Meanwhile, Deyaar announced a Dh55.2 million net profit, compared to Dh52.1 million during the same period last year. “The results we have achieved validate Dubai’s strong economic performance,” Abdullah Al Hamli, Chairman of Deyaar, said in a statement. “The diversification of the economy is clearly evident and can be credited as a key reason that allows us to continue earning profits.”
Damac Properties generated a net profit of Dh793 million during the first quarter on revenues of Dh1.79 billion and a gross profit of Dh1.14 billion. Hussain Sajwani, Chairman and CEO, said in April that the firm’s home market, Dubai, is continually outperforming real estate markets around the world with long-term, stable growth patterns. “We have seen demand for luxury property remain solid, underlining Dubai’s position as the region’s primary business and tourist destination. I believe we are set for a period of steady, sustained growth in the medium term.”
Damac has also announced that it has awarded more than Dh2.8 billion in construction contracts in the first five months of the year.
On the growth path
With total investments of Dh143 billion last year, the construction sector saw a growth of 5.5 per cent, says Porush Jhunjhunwala, Director at Banke International Properties. “This investment is being driven by substantial population growth, particularly in the areas of housing, education, health care and tourism. At the same time, private sector real estate has regained confidence as new projects launch every week.”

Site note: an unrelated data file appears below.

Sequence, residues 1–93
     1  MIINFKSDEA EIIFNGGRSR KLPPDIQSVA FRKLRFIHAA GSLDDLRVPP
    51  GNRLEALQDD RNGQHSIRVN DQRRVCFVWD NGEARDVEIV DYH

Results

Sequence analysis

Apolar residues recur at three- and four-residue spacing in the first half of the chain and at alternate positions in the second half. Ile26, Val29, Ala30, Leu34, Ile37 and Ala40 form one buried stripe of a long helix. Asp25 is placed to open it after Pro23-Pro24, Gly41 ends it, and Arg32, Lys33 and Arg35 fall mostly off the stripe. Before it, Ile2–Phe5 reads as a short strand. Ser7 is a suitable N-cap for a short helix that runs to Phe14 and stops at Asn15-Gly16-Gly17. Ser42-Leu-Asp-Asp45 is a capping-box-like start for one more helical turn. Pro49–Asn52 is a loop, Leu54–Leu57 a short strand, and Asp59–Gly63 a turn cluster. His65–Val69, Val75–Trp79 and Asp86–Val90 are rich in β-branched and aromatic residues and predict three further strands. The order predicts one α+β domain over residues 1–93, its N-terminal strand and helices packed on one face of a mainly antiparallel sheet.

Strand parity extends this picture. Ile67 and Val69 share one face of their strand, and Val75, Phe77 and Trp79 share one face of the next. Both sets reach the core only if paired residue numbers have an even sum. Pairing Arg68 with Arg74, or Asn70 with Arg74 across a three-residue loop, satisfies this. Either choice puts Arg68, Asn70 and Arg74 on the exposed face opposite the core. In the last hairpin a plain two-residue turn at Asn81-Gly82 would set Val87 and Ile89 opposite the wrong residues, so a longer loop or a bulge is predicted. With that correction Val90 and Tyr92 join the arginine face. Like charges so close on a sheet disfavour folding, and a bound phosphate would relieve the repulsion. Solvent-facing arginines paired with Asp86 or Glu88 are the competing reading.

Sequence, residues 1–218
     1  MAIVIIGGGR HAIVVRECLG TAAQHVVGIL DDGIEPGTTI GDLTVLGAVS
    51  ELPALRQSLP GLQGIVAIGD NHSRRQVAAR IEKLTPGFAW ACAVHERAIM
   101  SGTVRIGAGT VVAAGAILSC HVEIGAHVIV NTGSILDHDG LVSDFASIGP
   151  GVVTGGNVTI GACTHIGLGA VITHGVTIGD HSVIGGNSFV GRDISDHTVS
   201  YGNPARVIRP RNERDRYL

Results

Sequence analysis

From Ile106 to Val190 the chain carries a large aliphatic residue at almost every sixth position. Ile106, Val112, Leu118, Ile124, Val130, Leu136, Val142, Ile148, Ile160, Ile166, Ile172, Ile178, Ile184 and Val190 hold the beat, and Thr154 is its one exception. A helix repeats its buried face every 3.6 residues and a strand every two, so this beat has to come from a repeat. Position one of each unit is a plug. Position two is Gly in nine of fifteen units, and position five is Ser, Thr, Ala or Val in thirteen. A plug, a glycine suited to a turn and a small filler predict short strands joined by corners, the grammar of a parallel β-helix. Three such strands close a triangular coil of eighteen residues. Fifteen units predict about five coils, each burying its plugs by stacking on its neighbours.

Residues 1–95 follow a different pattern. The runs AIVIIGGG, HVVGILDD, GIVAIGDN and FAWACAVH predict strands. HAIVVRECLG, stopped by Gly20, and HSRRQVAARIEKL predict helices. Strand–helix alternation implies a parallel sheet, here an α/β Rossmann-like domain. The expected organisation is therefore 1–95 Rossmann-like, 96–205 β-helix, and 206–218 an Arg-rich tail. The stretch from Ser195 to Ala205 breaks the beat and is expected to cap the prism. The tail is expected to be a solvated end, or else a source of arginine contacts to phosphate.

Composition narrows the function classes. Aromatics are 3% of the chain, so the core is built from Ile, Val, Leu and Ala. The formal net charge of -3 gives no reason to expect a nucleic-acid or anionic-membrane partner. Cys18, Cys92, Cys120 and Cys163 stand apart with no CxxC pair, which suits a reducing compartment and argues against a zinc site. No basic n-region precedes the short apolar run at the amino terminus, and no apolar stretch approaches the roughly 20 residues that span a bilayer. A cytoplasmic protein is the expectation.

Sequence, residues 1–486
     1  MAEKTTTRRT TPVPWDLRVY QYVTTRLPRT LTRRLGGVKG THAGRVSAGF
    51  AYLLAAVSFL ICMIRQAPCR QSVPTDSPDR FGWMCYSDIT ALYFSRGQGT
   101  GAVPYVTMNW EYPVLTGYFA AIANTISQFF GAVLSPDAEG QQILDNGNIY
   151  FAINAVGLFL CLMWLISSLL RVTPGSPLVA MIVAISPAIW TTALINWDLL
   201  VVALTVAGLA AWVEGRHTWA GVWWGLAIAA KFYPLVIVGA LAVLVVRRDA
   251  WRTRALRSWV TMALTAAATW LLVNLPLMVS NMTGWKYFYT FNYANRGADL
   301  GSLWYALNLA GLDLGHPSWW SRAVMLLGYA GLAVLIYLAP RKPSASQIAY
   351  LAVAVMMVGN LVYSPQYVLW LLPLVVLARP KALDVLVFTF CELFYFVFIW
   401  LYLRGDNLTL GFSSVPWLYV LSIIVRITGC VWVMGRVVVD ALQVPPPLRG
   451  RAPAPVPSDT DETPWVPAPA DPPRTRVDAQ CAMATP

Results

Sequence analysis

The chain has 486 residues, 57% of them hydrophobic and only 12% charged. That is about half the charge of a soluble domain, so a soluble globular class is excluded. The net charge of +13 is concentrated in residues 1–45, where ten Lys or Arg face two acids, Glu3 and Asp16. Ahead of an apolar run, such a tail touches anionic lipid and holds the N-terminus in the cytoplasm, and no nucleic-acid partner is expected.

He notes though that the past 12 months have seen some pressure on UAE real estate prices.
“There was a strong [positive sentiment with] the announcement of the Expo 2020 in December 2013, with the effects felt during the first half of last year, after which we have seen lesser uptake in property.”
Ahmet Kayhan, CEO of Reidin, a real estate information company, says that in line with the drop in real estate transaction volumes, a slowdown in the UAE’s construction sector has been observed. “One of the main indicators of the slowdown is [a decline in] the number of construction permits.”